ETF Fear Mongering Myths

ETF Fear Mongering Myths

Old-guard Wall Street under attack by ETFs; naturally, panic turns to false narratives.

Reviewed by: Nate Geraci
Edited by: Nate Geraci

ETFs have existed for more than 26 years. That’s longer than a third of the U.S. population has been alive.

Through the dot-com crash, the Global Financial Crisis, taper tantrums—and, more recently, a 20% market swoon in the back half of last year—ETFs have aged well. But somehow, ETF fear mongering is still alive and well. Some recent examples:

“ETFs have been hugely popular, and now roughly half of all stock is owned by ETF buyers. That would imply that if the markets start to decline, half the owners in the market could be selling the entire market when they hit the “sell” button.” —Business InsiderIn a liquidity crisis, here’s what to look for

In a Down Market, ETFs Could Make Things Even Worse” —The Wall Street Journal

“ETFs Threaten to ‘Amplify’ Systemic Risk When Liquidity Dries Up” – Bloomberg

Here’s a Barron’s Q&A with an advisor who oversees $3.6 billion!



What? Where is this coming from? I’ll get to that in a minute, but first, let’s tackle the false narratives, which is surprisingly easy to do with a few pretty charts.

Half of all stock is owned by ETF buyers? Nope.


For a larger view, please click on the image above.


Maybe they meant bonds? Nope.


Source: A Wealth of Common Sense, 2/27/2019

But in a down market, ETFs could make things worse, right? Well, only if you think something responsible for less than 5% of individual stock trading can exacerbate the situation.



Without getting into the mechanics of ETFs (which you can do here), the vast majority of ETF trading is investors simply swapping shares with each other in the secondary market (think buying or selling ETFs through their eTrade account).

While ETFs account for roughly a quarter of all daily trading volume on stock exchanges, less than 5% of individual stock trading is the result of ETF inflows or outflows (i.e., the primary market).

But what if everybody wants to sell their ETFs at the same time?

Well, let’s think about this. Is it only ETF investors who will want to sell their shares? Or is it investors who want to sell shares? Why would only ETF investors want to sell? Is there something unique to mutual fund investors or individual stock owners that makes them any different?

Even if every ETF investor wanted to sell (which would never happen), remember that ETFs only own approximately 6% of the stock market and 1% of the bond market.

(OK, here comes the ETF fear monger trump card …)

But, what about flash crashes? Remember those? Yes. Read this and this. Here’s the cliff notes version. I call this the McDonald’s chart, “Billions and Billions Served.”



The bottom line is that ETF prices are only as good as the prices on underlying securities. If those underlying securities aren’t pricing properly, neither will the ETF—or any other investment relying on those individual security prices.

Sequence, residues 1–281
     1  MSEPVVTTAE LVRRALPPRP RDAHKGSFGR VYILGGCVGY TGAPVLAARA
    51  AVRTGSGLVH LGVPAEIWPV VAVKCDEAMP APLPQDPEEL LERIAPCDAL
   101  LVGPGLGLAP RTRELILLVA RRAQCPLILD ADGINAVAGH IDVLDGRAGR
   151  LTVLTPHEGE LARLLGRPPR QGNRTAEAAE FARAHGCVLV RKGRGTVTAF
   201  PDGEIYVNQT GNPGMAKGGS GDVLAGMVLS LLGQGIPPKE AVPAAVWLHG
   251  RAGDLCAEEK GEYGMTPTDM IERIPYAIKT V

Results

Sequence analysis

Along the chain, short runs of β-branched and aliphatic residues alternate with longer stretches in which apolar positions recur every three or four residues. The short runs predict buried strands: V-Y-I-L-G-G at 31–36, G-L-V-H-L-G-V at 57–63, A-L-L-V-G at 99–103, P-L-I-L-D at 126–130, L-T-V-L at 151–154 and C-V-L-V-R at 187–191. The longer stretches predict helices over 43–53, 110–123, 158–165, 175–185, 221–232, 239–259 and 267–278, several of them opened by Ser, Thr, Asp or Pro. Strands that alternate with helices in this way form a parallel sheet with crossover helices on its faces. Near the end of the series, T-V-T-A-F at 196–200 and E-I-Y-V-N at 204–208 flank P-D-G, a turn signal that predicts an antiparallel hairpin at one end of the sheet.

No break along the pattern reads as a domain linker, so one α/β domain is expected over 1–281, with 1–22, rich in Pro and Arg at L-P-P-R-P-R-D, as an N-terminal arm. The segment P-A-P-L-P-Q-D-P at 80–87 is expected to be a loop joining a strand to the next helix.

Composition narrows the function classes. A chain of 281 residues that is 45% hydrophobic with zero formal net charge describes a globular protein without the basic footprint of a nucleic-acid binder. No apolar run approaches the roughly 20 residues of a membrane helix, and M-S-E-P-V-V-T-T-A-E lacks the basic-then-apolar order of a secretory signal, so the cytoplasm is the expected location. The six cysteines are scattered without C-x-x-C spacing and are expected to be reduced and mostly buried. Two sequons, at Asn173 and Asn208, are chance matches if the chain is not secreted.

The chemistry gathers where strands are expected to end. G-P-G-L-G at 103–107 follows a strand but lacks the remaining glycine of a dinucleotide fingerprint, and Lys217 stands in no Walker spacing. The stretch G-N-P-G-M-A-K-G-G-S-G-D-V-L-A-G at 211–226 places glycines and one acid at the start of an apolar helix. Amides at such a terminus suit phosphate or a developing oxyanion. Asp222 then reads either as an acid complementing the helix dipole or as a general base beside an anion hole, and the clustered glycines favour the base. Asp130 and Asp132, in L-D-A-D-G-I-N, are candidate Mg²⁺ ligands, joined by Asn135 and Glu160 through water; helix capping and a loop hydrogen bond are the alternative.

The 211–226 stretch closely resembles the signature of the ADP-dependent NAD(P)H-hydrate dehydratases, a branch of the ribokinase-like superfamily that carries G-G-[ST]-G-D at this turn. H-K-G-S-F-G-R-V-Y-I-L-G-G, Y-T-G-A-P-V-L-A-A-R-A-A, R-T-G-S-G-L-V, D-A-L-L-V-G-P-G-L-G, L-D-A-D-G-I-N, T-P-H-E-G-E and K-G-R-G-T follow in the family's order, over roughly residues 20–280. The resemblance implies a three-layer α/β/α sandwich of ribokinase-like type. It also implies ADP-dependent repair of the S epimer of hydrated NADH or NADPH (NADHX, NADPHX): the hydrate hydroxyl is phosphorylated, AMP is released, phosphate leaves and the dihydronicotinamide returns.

What’s The Beef?

So why the attacks on ETFs? Simple. They’re disruptive. They’re costing the old guard real money. While still a small part of the financial markets overall, ETFs recently surpassed $4 trillion in assets. They’re taking market share from mutual funds. Investors are voting with their hard-earned money.



When something is disruptive, people attack—typically out of fear. Bloomberg’s Eric Balchunas keeps a list of the top 10 attacks on ETF. These are real things people have said.


Source: ARK's Big Ideas Summit 2019

For a larger view, please click on the image above.



Unsurprisingly, many of the attacks come from underperforming mutual fund managers. Ironically, mutual funds have suffered their own liquidity issues recently. Even more ironically, mutual funds tend to own the same underlying securities as ETFs. From Michael Batnik:

Source: The Irrelevant Investor, 6/30/2018


I want to emphasize Michael’s last point: People sell stocks during bear markets. The wrapper doesn’t matter. As The Wall Street Journal’s Jason Zweig explained:

“If index funds cause market bubbles, they’re not nearly as good at it as human beings are. Why should we be more afraid of index funds causing a bubble today than anybody was of active investors causing one in 1999 or 1972 or 1929?”

Of course, ETFs weren’t around in 1929 or 1972, and were barely getting going in 1999. If investors want to sell stocks or bonds or bitcoin or Pokemon cards, they’re going to sell.

The questions to ask when encountering ETF scare pieces are these: What will mutual funds do? At what prices will mutual fund managers or investors transact on their individual stock/bond holdings in a market downturn? Will they be different prices than ETFs? Why?

ETFs are simply vehicles to access markets. These vehicles are driven by humans. Humans, not ETFs, drive markets. Or as Eric Balchunas more colorfully stated:

“This is why blaming a stock bubble on ETFs is like blaming MP3s for Nickelback or One Direction.”

Follow Nate Geraci on Twitter @nategeraci

Nate Geraci is president of The ETF Store, an ETF-focused RIA. He also hosts the weekly podcast ETF Prime and offers ETF perspectives at The ETF Educator blog.